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Research ArticleOpen Access

High Levels of Allergenic Tree Pollen in Southern New Zealand

Volume 1 - Issue 4

Rewi M Newnham*

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    • School of Geography, Environment and Earth Sciences, Victoria University of Wellington, New Zealand

    *Corresponding author: Rewi M Newnham, School of Geography, Environment & Earth Sciences, Victoria University of Wellington, New Zealand

Received: September 07, 2017;   Published: September 20, 2017

DOI: 10.26717/BJSTR.2017.01.000376

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Tree Pollen are significant sources of clinically relevant outdoor aeroallergens, a major cause of allergic respiratory diseases, yet little is known about their prevalence in New Zealand. This study reports concentrations of airborne allergenic tree pollen measured in central Dunedin during October and November 1992. Four tree pollen taxa were prominent during these spring months, all from introduced species. Of these, Fraxinus (ash) and Pinus (pine) are not considered to be important aeroallergens, but Betula (birch) and Cupressus (cypress) have reported high allergenic potency in other regions. These results indicate that allergenic tree pollen of birch and cypress can reach significantly high levels in Dunedin during spring, often in association with strong northwesterly winds. It is likely that tree pollen and in particular birch and cypress are making an important contribution to the total pollen allergen load and to the increasing prevalence of allergic rhinitis and asthma in New Zealand. More 1comprehensive and up-to-date information on allergenic pollen levels is needed to help understand the growing prevalence of respiratory disorder in New Zealand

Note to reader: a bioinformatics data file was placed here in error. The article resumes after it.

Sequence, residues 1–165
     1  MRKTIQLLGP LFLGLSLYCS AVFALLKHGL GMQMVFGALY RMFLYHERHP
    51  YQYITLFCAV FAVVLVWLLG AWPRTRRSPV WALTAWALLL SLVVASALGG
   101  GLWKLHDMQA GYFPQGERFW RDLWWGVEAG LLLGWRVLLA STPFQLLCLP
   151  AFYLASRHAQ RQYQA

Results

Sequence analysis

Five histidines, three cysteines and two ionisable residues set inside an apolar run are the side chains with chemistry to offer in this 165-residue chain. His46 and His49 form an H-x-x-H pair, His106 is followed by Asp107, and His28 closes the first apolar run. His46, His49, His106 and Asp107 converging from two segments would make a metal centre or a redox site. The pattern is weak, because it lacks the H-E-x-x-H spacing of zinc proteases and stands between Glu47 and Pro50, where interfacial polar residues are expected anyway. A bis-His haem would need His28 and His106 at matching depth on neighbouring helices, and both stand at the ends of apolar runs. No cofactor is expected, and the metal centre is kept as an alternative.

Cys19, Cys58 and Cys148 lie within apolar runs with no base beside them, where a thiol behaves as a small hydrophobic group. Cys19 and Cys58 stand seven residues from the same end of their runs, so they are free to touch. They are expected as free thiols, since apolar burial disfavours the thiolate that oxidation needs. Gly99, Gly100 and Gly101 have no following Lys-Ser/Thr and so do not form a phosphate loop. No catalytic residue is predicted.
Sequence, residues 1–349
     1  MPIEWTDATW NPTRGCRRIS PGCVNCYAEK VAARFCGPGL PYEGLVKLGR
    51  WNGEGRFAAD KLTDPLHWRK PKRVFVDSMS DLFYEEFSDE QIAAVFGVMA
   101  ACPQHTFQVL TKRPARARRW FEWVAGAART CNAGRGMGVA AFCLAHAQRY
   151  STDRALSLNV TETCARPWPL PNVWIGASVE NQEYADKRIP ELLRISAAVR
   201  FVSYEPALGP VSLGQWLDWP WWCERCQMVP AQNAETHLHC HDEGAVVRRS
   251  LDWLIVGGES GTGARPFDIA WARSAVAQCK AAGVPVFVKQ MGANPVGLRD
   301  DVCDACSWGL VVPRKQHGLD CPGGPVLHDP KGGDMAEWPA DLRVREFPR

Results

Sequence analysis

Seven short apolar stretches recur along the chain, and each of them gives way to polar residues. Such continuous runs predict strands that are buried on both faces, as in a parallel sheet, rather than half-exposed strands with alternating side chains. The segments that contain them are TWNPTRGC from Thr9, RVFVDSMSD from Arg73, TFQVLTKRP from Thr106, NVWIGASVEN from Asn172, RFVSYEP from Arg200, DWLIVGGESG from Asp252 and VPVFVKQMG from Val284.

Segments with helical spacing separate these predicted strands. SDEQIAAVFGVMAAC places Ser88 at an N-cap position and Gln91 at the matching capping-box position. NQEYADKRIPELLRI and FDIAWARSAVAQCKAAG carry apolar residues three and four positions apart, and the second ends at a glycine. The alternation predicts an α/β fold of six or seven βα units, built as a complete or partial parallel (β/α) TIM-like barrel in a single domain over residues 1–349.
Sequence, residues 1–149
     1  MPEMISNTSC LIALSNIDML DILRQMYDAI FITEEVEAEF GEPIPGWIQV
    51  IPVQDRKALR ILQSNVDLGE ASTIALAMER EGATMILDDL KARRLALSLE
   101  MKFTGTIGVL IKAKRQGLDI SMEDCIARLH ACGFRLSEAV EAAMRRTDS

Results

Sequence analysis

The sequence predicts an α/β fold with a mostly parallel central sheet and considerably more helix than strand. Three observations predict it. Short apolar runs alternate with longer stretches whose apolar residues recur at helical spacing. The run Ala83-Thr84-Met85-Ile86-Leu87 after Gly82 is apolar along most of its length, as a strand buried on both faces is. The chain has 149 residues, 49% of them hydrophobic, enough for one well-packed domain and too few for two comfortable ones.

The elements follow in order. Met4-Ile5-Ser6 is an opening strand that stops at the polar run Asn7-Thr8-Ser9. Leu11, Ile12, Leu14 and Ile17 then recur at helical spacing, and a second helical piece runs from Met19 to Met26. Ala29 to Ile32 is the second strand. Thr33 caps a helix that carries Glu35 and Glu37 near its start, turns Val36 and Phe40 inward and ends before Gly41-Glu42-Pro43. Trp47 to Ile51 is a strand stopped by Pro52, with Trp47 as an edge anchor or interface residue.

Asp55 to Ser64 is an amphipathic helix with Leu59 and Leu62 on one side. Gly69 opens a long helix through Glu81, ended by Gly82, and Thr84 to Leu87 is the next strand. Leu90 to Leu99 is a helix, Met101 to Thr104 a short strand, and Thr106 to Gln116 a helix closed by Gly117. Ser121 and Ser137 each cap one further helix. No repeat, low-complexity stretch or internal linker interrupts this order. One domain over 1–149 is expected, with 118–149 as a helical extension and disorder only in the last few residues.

Keywords: Tree pollen; Allergen; Allergic rhinitis; Allergic asthma; Betula

Abstract| Introduction| Methods| Results and Discussion| Conclusion| References|